Mainstream media gets desperate for views, shares, and likes

News can be informative, debatable or even politically motivated. However, a new category of news has recently emerged, and we have decided to call it: News so dumb we want to collapse on the floor in utter shock.

We already have three news pieces jostling to be part of this illustrious category on this fine Wednesday (11 February). Not a bad start indeed.

1. “Using mobile phones while walking is dangerous but people continue doing so”

This was the headline from our trusty media friend, The Straits Times.


It’s not news if it’s “duh’. We can easily think of three other “dangerous” things that “people continue doing” from the top of our heads.

Drinking water: because we could choke from that accidental over-excited swallow any moment.

Walking: because we could trip, fall, and sustain a deadly wound infection.

Peeing: because a poisonous snake could rise up from the depths of the toilet bowl water and bite our butt.


2. “No litter, seniors leave dinner venue spick and span”

This headline graced AsiaOne, a sub-company of media mogul Singapore Press Holdings (SPH), and MyPaper as well.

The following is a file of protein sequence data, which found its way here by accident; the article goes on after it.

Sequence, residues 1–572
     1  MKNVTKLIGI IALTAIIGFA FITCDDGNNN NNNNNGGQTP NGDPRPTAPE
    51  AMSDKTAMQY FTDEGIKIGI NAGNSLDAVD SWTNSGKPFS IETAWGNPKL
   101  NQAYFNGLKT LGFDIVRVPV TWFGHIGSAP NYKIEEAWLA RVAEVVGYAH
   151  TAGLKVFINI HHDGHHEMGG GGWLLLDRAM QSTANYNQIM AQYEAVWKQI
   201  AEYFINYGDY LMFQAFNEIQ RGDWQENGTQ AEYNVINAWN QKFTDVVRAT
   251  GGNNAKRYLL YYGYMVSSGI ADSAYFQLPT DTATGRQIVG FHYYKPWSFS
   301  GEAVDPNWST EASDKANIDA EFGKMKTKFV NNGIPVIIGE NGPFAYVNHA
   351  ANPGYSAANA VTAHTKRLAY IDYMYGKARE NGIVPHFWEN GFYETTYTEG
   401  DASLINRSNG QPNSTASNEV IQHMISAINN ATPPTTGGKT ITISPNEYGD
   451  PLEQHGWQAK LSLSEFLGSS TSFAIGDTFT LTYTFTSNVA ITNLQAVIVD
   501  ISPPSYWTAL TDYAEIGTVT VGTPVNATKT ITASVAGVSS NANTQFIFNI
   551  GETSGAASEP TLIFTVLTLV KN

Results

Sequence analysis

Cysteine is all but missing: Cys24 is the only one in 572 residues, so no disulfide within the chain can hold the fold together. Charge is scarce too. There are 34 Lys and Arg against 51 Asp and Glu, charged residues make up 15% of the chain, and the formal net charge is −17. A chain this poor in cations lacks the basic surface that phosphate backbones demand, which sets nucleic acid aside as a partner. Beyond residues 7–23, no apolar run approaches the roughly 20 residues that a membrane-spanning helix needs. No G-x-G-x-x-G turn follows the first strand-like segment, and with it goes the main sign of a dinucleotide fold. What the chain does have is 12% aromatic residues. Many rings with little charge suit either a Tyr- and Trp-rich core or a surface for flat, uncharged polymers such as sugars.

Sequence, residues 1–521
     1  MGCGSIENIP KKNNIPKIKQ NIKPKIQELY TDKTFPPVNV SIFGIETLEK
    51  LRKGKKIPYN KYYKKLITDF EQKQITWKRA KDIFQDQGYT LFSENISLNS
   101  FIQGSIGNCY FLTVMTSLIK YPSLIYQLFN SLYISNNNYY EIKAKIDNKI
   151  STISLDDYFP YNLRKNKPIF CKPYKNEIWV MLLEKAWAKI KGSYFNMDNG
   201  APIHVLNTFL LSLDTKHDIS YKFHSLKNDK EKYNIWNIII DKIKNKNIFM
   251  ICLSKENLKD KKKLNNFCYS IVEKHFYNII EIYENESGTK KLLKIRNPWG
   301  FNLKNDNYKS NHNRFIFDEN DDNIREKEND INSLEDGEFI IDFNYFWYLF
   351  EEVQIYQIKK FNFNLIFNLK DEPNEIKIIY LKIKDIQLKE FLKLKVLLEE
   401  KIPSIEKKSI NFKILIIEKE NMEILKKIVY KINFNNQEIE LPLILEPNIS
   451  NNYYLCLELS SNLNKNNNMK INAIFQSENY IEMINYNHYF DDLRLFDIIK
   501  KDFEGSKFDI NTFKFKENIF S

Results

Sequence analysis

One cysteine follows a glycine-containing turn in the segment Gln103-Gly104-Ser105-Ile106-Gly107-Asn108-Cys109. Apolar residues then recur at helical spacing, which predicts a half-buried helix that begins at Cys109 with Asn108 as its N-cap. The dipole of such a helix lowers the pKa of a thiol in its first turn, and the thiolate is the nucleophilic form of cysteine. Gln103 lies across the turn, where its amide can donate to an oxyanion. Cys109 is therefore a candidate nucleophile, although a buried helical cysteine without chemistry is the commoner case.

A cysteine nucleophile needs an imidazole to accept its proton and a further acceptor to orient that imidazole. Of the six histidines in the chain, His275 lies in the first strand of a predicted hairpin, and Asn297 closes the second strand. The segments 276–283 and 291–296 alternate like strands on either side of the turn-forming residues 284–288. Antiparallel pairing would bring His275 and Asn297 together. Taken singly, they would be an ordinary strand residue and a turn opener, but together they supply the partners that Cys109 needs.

We’re betting (even though online betting is now illegal) that this is in response to PM Lee’s angry post about the litter at the recent Laneway Music Festival. Media outlets are trying to pacify angry PM Lee, whilst secretly imploring fellow Singaporeans not to litter.

But really? Featuring such things as news?

Maybe “Girl, 18, lauded for throwing a broken pencil into the rubbish bin at home” will be splashed across the headlines tomorrow.

We sure hope “news” is never degraded to that level.

3. “Queues at Changi Road shop selling pineapple bak kwa”

Another farce by our media buddy The Straits Times.


Three things we want to point out from this article:

Firstly, Jalelah Abu Baker is not just some intern roped in to mass produce articles that may be mildly interesting to the public. She’s a full-fledged news reporter, and The Straits Times wastes her experience and ability on a news article about pineapple bak kwas. 


Secondly, Jalelah Abu Baker sounds terribly like a Muslim name, and Muslims don’t eat pork. So why is she writing about the pork delicacy bak kwa?


Lastly, why is The Straits Times even writing about this?


The Straits Times: Authoritative provider of all things bak kwa.


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Featured Image via Current Affairs 2015, Nanoveu
With reference to The Straits Times, AsiaOne, The Straits Times